In all likelihood, Jose Mourinho's first season at Old Trafford will not end with Manchester United lifting the title, but the club could top an altogether different table for some time to come.
Last week, the 20-time champions of England were crowned the richest club in the world in Deloitte's Football Money League, breaking Real Madrid's spell of 11 consecutive seasons at the top.
It is the first time since the 2003-04 season that United can call themselves the richest club in the world, a feat made even more impressive by the fact they have finished fifth in the Premier League, while the Spanish giants lifted the Champions League in May.
United's revenue stood at £515.3m for the 2015-16 season, the highest ever recorded by any football club, after increasing exponentially across all the three categories – broadcast, matchday and commercial.
The latter is what truly separates United from their rivals, particularly on the domestic front.
"There are different factors behind United's financial success," Dan Jones, head of Deloitte's Sports Business Group, told IBTimes UK.
"United are a fully globalised brand, and they do not just rely on headline sponsors, such as Adidas and Chevrolet, but they have wide range of commercial partners spanning across different industries, with commercial partners across the world."
United have 70 affiliated partners – the club divide their sponsors into global and regional partners and also have media and financial partners – across the world.
The 25 global partners cover a range of products, from lubricant oils to pillows and wine, from foreign currency exchange and crisps to tractors. Meanwhile the financial partners cover the four corners of the globe, from Uganda to South Korea and from Serbia to Mexico.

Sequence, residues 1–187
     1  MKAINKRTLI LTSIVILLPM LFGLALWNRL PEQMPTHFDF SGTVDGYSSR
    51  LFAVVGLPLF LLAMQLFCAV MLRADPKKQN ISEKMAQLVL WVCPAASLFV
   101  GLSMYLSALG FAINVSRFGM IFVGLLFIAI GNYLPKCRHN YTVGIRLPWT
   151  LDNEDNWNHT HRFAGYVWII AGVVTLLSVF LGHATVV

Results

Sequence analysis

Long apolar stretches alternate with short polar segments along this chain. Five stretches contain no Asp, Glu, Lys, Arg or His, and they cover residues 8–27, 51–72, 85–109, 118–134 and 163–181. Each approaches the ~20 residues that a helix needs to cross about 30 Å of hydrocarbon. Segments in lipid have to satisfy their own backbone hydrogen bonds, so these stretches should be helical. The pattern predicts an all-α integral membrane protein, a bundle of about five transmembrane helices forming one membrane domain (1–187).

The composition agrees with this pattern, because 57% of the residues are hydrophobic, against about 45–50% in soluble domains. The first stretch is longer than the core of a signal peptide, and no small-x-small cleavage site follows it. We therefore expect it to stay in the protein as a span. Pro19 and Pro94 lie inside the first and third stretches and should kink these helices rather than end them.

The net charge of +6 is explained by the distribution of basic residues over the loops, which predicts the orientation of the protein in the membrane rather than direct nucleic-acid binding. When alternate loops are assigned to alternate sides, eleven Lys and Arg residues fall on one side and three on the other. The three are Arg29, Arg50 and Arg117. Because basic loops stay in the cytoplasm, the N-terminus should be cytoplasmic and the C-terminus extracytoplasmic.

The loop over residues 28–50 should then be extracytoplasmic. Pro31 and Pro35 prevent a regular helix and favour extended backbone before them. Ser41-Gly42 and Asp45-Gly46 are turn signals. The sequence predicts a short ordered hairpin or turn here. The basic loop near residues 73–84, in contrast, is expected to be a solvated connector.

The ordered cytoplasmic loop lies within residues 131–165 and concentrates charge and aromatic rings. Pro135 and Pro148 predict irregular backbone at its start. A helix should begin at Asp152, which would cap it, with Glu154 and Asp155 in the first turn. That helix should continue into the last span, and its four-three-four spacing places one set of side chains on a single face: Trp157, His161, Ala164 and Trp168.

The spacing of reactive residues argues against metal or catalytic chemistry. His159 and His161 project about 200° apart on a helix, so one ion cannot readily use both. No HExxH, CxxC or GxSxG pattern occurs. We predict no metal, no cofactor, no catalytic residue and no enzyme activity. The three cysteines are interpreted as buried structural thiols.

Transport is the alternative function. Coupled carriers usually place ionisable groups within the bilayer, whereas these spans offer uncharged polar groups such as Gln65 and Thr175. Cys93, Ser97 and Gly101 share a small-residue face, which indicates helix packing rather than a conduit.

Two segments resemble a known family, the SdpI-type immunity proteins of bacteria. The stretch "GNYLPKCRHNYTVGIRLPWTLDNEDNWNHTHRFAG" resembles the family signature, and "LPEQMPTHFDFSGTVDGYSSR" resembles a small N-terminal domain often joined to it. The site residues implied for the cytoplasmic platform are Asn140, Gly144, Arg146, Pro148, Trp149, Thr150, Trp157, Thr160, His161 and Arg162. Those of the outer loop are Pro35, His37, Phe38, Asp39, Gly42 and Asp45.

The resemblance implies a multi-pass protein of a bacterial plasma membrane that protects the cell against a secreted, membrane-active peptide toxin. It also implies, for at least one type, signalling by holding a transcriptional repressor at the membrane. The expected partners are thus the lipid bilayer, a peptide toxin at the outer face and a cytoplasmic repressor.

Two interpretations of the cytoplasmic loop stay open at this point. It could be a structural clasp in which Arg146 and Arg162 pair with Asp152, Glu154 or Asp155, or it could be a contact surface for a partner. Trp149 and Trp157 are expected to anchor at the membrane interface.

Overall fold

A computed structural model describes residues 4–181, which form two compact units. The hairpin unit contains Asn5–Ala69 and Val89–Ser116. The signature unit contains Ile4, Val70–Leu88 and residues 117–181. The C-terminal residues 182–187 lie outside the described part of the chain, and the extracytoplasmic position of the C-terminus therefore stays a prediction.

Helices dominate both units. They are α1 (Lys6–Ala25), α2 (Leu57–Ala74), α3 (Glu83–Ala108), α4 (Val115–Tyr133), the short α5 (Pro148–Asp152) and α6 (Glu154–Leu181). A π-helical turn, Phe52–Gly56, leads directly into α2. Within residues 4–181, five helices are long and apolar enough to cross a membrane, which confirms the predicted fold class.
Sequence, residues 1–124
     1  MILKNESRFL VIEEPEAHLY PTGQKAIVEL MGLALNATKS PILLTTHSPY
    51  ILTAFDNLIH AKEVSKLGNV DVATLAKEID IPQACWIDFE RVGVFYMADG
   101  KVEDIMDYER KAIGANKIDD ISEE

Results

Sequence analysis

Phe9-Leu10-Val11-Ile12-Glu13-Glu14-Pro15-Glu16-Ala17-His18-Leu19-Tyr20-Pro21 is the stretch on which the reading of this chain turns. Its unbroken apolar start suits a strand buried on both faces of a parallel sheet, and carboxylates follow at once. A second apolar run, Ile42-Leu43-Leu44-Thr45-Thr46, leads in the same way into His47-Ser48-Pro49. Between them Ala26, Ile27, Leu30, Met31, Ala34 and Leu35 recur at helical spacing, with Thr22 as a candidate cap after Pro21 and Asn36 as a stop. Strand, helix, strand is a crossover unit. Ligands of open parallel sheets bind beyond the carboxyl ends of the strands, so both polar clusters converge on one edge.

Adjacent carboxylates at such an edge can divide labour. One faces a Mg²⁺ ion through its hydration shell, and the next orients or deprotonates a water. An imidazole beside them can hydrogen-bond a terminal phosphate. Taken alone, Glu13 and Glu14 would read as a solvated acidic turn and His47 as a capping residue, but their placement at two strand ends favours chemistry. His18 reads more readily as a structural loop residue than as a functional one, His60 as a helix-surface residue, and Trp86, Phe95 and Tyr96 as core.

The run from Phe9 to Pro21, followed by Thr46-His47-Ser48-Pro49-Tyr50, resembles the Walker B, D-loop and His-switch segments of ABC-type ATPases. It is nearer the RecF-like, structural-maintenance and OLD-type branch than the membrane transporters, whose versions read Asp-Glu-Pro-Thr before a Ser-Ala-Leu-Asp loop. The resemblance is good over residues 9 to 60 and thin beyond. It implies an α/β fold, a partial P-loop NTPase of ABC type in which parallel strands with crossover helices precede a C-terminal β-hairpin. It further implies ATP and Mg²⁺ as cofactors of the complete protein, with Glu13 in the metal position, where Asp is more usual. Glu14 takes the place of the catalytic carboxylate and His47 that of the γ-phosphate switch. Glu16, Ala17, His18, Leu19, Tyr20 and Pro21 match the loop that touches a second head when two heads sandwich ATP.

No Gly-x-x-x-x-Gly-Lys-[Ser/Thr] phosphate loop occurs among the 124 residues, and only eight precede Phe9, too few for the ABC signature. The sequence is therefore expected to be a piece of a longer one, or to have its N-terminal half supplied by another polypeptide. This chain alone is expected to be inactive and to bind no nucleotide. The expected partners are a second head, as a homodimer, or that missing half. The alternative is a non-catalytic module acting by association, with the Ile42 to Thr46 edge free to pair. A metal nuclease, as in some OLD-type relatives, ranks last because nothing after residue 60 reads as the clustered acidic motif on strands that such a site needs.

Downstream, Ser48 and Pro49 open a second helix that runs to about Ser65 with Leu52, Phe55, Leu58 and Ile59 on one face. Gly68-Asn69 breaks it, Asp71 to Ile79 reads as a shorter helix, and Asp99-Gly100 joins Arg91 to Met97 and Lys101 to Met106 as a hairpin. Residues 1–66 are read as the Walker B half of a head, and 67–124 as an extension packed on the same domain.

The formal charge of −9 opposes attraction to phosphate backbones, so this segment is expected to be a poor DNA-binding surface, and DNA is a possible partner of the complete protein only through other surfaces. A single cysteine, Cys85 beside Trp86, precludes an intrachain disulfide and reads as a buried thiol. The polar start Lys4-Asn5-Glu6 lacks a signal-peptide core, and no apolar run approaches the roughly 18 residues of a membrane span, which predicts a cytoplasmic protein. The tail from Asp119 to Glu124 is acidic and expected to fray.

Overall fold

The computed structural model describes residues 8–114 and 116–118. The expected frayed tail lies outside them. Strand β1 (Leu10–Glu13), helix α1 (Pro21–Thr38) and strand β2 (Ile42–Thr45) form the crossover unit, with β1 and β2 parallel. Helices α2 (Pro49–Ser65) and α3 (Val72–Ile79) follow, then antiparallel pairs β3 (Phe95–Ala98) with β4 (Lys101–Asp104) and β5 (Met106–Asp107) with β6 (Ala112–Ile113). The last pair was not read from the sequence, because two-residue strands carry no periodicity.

In the summer of 2015, United signed a new commercial deal with Adidas, worth £750m over the next decade, as the German company replaced Nike as the club's kit manufacturer. The agreement dwarfed the previous deal, which was worth £305m over 13 years. To put things into perspective, in the first 11 months of last year, Adidas' contribution to United's finances was £41m greater than the amount generated by the club in retail income for the whole of 2015.
Crucially, United have the freedom to negotiate deals with other clothing firms, provided the items only carry the club badge. Earlier this month, United unveiled a partnership with Uber, which will allow fans to utilise designated pick-up and drop-off points around Old Trafford.
Commercially, their closest challengers are Bayern Munich, who made £256.2m, while Paris St-Germain and Barcelona were the only other clubs to generate over £200m in commercial revenue. United's commercial power is such that in the 2015-16 season, taking in the marketing department's revenue solely (if it was a football club), it would still rank ninth in Deloitte's list, having generated more individually than Atletico Madrid, Juventus and Borussia Dortmund.
Rod Kohler, director of marketing agency Revolution Sports, explains United's commercial pull should not be taken for granted either.
"Regardless of how big a club, team or event you are, securing a lucrative sponsorship deal is never easy," he tells IBTimes UK.
"The sponsorship landscape has changed considerably over the last ten years, with many companies from so-called developing nations, becoming increasingly prolific. This has increased the size of the sponsorship pool, but clubs will often have to travel the world to find the deals."